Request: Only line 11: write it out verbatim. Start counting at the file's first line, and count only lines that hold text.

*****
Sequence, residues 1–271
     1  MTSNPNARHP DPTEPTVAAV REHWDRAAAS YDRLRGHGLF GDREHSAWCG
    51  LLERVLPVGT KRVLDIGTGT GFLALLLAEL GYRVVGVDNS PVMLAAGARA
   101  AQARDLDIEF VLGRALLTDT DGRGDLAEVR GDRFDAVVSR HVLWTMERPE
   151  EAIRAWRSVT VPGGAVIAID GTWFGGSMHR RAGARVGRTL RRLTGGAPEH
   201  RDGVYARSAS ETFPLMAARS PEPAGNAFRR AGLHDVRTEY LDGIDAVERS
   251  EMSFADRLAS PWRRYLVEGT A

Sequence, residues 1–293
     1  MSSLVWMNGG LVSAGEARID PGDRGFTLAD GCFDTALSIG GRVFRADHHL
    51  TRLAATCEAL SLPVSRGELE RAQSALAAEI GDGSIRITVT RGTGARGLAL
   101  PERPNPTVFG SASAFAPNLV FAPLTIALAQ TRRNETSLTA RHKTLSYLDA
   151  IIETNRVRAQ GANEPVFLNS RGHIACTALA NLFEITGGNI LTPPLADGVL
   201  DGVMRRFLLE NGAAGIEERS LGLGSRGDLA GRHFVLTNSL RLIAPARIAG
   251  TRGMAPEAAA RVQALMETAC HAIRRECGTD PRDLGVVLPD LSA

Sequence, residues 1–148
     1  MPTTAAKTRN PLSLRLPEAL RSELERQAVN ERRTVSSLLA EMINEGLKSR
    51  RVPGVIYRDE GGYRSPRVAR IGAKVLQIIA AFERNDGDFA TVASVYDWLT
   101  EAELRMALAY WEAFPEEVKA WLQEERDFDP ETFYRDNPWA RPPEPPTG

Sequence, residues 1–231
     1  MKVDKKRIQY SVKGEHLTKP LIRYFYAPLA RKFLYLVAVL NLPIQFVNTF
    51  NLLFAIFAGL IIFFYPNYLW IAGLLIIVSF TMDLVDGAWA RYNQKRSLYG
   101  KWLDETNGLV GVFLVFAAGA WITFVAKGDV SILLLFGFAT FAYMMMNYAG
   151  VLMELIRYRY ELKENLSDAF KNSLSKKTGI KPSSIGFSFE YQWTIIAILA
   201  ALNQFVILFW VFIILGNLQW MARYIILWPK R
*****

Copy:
   101  PERPNPTVFG SASAFAPNLV FAPLTIALAQ TRRNETSLTA RHKTLSYLDA